"I am prepared for the worst but hope for the best."
I found myself missing my father today, ironically for a reason that drove me crazy when he was alive. In fact, I feel certain there were times when a hurricane was brewing in the Atlantic and it was still unpredictable, that I swore my father's "be prepared for the worst" motto was a little over the top.
Dad had a plan for just about everything he did. And if he didn't have a plan but a new circumstance came up, he'd sit at his desk and make a plan even if it took him a couple of days. In one of the boxes I went through when I was cleaning out his stuff I found ledgers filled with itineraries, expense estimates, miles traveled, etc. from trips he'd made in the 1940's. Dad was nothing if not prepared. And when it came to hurricanes his list of things to do was fairly long.
In recent years he was no longer able to do most of them, so the responsibility fell to Sweetie and I. At the beginning of June, we dutifully filled a designated closet with supplies like water, food, coffee, plastic tarps and toilet paper. We had batteries and repeatedly checked each flashlight to make sure it worked. We placed candles and matches around the house. We filled the bathtub with water. We threw any yard paraphernalia that might fly through a window into the pool. Which was a little redundant because all the windows could be boarded up with shutters that Dad stored in the garage. And Dad wasn't shy about being the only boarded up house on the block a couple days before the final path of a hurricane was predicted.
The last storm that passed by here blew hard enough to knock down electric and telephone wires. In essence once this house is shuttered up tight and has no electricity it turns into a hot dark cave where the sweaty people inside have no hope of sleeping because the stagnant air hangs like moss on the trees that might fall down. And let's face it, what is there to do in a situation like that except try to sleep away the hours/days until the JEA team restores electricity. This is the main reason Sweetie and I are not anxious to go through the drill of pulling the shutters out of their hidey hole in the garage that is much less organized than when my father was in charge of how it looked. We don't do well in cave situations.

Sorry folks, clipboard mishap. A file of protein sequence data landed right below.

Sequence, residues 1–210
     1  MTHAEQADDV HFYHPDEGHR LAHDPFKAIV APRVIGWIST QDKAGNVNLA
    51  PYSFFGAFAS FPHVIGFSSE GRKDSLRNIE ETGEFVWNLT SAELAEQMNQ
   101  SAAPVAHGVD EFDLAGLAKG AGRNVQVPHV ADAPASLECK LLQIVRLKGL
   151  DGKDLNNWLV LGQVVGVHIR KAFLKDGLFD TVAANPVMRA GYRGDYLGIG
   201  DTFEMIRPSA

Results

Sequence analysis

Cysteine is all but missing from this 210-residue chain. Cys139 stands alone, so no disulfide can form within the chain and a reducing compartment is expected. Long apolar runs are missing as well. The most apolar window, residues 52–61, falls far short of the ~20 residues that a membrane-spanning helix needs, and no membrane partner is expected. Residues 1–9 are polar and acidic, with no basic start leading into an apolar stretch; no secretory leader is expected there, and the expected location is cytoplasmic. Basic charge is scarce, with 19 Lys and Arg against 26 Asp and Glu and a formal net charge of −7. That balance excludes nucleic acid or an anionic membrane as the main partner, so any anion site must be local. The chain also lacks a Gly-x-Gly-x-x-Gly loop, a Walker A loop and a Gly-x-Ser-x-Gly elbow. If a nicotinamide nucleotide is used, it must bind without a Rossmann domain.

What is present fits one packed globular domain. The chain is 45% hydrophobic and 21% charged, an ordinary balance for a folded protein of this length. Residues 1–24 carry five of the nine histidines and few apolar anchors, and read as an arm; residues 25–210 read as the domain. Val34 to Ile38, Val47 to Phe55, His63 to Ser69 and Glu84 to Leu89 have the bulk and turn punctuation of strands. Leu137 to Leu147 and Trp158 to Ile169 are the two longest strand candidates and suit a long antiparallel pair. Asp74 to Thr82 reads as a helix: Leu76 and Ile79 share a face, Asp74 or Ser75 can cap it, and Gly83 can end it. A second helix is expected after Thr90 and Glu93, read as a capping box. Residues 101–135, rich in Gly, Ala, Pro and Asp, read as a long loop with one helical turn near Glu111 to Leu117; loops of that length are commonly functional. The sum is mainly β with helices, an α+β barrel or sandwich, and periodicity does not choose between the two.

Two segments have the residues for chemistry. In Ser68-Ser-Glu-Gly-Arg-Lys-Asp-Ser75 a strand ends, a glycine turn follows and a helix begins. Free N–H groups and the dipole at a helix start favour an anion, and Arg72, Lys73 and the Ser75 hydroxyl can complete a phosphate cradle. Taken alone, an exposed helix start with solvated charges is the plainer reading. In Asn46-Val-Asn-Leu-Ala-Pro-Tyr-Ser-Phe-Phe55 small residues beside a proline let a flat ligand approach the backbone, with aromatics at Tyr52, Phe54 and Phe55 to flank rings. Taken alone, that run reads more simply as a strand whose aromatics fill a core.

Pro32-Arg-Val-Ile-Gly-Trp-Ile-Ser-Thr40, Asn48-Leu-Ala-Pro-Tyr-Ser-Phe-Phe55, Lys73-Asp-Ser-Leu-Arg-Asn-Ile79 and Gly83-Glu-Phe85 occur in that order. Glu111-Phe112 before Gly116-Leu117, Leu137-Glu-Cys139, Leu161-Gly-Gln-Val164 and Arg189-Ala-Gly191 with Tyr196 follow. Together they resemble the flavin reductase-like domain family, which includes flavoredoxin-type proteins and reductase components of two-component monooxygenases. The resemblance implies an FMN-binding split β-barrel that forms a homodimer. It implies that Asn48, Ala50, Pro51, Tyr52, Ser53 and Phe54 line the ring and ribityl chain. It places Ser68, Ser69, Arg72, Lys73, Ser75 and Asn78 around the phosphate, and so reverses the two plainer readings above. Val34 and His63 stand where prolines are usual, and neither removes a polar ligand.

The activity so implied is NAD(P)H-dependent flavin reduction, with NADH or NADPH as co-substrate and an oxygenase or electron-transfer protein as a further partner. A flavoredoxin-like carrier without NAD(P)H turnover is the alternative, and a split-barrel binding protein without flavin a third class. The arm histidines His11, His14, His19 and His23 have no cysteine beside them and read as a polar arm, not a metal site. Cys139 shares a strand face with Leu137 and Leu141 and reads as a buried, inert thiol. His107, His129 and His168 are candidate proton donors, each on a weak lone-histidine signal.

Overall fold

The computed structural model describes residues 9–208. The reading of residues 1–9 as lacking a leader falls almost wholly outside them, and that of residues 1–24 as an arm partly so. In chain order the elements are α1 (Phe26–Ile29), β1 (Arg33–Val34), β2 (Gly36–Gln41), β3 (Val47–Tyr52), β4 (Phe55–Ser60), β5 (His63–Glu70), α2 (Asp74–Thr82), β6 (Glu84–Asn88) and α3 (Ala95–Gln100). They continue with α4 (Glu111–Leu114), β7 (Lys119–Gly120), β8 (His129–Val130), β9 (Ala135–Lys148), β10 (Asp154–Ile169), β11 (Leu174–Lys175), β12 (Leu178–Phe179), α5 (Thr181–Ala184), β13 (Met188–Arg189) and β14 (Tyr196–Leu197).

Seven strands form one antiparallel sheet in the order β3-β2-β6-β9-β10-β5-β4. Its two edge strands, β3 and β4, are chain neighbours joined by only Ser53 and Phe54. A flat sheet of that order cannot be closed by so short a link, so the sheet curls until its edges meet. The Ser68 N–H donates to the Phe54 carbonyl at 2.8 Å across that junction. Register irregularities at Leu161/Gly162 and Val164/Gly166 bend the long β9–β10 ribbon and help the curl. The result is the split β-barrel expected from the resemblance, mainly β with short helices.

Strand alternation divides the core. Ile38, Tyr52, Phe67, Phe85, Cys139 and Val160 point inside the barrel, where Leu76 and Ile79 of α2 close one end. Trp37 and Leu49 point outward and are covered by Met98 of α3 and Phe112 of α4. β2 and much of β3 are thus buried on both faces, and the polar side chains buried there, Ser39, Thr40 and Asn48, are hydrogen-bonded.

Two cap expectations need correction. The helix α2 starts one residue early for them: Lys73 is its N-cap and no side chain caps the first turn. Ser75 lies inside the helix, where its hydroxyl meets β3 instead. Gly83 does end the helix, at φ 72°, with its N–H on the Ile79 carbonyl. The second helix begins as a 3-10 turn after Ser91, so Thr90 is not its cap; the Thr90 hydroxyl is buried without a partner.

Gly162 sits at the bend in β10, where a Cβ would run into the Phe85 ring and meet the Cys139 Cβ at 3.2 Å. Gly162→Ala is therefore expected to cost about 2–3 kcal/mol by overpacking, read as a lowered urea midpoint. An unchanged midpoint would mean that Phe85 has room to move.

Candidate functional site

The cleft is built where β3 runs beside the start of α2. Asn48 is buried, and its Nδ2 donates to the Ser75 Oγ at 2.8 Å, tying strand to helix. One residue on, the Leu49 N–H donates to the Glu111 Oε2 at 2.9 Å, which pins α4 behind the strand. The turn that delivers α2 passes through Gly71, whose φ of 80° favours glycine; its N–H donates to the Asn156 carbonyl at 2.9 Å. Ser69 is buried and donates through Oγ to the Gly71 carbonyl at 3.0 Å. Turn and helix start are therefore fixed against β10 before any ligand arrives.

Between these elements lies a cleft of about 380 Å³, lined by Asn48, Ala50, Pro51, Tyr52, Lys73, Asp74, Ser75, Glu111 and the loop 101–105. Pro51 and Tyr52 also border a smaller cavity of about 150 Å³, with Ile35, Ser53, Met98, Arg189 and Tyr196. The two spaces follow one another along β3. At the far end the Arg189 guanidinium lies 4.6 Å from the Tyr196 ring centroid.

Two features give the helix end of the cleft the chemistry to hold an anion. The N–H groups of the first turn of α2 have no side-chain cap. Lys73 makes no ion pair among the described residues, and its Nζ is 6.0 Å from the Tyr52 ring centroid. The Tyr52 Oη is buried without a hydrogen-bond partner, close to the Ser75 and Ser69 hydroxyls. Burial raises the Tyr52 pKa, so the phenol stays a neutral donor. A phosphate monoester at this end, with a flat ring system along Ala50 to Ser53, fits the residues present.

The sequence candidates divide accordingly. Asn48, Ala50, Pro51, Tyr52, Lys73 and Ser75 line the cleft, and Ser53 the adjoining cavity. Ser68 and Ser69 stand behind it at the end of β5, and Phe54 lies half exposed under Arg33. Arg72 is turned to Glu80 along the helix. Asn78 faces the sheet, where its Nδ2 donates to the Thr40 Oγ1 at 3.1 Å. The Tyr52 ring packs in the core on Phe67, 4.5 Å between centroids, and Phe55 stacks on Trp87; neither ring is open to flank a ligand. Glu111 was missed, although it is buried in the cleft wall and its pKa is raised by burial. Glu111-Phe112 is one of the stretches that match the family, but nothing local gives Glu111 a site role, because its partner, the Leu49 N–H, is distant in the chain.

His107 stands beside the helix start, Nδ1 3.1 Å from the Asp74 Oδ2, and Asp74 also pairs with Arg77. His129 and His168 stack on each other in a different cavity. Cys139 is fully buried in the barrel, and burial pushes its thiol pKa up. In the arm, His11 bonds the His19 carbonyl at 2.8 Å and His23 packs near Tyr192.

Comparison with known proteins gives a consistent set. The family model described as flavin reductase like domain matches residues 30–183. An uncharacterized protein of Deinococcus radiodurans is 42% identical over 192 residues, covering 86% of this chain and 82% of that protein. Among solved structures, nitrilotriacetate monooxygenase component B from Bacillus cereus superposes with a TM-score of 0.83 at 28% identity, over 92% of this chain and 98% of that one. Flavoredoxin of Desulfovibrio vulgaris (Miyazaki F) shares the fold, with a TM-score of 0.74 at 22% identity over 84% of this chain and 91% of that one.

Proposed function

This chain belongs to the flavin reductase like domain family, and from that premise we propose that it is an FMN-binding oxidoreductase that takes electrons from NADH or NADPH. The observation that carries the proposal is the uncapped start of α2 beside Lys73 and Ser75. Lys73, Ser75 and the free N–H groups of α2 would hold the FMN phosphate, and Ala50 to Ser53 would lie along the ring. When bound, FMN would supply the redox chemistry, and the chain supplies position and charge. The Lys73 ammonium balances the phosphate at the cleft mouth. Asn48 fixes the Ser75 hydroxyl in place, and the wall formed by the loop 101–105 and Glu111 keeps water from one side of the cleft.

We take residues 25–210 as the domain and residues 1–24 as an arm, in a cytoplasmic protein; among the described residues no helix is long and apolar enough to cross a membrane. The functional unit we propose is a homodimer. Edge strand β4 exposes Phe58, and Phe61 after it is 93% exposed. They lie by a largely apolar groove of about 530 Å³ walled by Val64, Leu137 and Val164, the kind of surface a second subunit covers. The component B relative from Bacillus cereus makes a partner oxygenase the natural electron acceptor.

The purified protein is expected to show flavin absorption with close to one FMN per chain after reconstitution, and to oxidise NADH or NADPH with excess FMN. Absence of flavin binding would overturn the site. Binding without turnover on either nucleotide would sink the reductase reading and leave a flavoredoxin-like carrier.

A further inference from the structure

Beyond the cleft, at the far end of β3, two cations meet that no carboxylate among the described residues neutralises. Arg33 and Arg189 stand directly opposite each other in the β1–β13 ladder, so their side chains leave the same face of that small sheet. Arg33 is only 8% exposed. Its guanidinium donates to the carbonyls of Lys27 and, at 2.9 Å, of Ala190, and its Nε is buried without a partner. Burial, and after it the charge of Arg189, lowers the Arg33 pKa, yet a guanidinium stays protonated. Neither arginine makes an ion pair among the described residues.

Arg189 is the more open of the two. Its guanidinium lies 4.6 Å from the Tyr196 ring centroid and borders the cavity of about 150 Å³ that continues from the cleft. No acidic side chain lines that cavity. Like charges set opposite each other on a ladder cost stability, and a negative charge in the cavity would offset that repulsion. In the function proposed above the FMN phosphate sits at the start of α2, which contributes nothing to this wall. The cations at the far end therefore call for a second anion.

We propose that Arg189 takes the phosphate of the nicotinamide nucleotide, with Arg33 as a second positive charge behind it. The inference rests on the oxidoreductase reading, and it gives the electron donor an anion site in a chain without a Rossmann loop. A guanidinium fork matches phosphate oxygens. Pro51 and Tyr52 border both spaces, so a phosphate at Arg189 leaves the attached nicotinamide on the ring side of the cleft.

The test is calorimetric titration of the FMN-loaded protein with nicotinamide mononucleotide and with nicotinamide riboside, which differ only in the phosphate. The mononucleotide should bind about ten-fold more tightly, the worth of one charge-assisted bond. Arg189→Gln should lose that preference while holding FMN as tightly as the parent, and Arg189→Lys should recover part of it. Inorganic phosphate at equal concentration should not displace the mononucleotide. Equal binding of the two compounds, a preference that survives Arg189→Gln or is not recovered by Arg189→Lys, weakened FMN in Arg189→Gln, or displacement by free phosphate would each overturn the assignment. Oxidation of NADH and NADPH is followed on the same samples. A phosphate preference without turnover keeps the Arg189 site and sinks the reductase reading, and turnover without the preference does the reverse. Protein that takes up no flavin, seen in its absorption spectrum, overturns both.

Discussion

My son Johnny still lives with us which is a bonus when things need fixing. He should have been a meteorologist. The guy follows the weather channel like Suzi Q follows the scent of whatever it is she's chasing. He can tell that storms are forming when they are nothing but a tiny swirl of air somewhere over the ocean. He tracks hurricanes and claims to have a pretty good record of predicting where they will go. The point of telling you that is you'd think having my own personal storm chaser giving me advance warnings I would have started preparing for the worst. Knowing Johnny lives in the highest room in the house, thus being closest to falling trees, I take him seriously but I still haven't made a list or checked it twice. I don't know where the flashlights are and there is no water in the bathtub.
And that is why my father crossed my mind today. It's not that I don't feel safe with Sweetie and Johnny here to take care of things. It's just that I felt a little safer when Dad was in charge. Which is better to be safe in a jail of our own making or a tad less confined and free from the strong desire to strangle a 90 year old boy scout? Here's the difference between my Dad and Sweetie. Both men were in the military. Both pay very strict attention to detail. My father was a civil engineer, in charge of buildings and maintenance. Sweetie was a food inspector. His area of expertise falls more in the area of making sure there is enough to eat, rather than boarding up the windows. I know that Sweetie would protect me with his life, but I'm not sure he has a plan on how to do it.
The last I heard Miss Irene was not going to hit Jacksonville, though it is possible we'll get some strong wind and rain. This might not be good news for our neighborhood. For some reason 3 big oak trees decided to drop humongous limbs last week on perfectly calm, windless days. Who knows what could happen if given a little more of a push?
What you can't see in this picture that the limb hanging from the proverbial thread is hanging right over our swimming pool.
Today I'm grateful for memories. I'm grateful for men who know a lot more about securing a house than I do. I'm grateful for a slight drop in temperature, and I'm grateful for the beauty of a purple rose.
Wishing for you smooth sailing through whatever storm you may have,